Scientists may have found a reason why some women have a tendancy to put on weight very easily, the BBC reports this week.
They have found that obese women convert excess dietary carbohydrate to fat faster than lean women. This process is known technically as de novo lipogenesis.
Researchers from the Scottish Agricultural College in Ayr and the Medical Research Council in Cambridge tested the response of lean and obese women to two types of diet.
The first was rich in carbohydrates, but designed to provide just enough energy to meet each woman's daily requirements.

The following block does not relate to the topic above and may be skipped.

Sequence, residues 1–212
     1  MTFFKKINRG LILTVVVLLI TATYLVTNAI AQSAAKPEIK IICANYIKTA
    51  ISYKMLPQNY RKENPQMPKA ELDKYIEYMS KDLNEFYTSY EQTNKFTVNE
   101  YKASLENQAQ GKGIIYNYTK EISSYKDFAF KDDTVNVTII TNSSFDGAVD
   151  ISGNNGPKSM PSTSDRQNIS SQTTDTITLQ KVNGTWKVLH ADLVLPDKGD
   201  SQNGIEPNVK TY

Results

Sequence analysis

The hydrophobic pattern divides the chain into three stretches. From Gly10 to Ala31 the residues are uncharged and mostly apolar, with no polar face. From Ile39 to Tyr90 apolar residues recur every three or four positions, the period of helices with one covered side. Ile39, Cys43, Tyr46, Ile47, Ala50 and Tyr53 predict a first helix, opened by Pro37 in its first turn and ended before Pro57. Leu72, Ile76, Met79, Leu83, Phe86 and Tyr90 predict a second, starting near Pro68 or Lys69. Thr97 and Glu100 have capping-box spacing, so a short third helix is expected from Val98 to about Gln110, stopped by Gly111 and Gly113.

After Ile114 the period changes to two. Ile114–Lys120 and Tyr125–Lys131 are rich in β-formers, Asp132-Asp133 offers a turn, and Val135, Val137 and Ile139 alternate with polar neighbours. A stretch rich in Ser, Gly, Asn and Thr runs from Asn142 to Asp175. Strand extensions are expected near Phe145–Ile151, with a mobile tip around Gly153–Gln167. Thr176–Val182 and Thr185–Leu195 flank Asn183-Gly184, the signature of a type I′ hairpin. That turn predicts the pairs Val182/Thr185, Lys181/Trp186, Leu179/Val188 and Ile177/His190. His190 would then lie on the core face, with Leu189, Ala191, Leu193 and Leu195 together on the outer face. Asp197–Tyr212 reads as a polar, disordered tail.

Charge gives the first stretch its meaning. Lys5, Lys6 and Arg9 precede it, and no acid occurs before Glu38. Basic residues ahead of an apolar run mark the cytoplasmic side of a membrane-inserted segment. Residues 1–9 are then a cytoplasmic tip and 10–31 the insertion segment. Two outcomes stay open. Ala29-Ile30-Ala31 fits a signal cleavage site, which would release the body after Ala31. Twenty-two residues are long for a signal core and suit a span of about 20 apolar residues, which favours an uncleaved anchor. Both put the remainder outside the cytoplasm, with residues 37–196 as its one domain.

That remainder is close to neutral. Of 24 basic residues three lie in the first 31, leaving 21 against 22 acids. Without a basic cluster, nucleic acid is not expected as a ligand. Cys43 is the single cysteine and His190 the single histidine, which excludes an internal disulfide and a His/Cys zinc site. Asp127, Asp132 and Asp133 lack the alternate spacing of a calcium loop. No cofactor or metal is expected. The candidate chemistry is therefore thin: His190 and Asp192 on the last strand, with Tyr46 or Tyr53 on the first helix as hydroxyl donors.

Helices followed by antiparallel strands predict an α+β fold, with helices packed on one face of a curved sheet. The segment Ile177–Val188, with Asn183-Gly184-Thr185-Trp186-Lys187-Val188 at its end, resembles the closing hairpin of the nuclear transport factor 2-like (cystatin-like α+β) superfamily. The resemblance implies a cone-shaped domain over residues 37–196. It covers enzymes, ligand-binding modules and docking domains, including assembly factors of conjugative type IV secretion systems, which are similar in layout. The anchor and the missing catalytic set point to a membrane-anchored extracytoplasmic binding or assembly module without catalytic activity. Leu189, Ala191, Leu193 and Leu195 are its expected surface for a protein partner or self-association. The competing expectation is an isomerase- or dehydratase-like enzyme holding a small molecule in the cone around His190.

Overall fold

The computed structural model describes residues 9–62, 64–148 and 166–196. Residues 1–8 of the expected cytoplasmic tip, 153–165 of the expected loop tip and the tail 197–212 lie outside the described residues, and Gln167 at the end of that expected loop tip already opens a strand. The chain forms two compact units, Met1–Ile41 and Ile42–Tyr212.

The second was loaded with excess carbohydrates, and designed to provide 50% more energy than the women actually needed.
When the volunteers were fed on the energy-balanced diet, the rate of de novo lipogenesis among the obese women was nearly twice that among the lean women.
Women who had a high rate of de novo lipogenesis in response to the energy-balanced diet also had a high rate when given the energy-loaded diet.
The researchers say their results suggest that some individuals may have an intrinsically higher, perhaps genetic, potential for de novo lipogenesis.
Full findings are published in the current issue of the American Journal of Clinical Nutrition.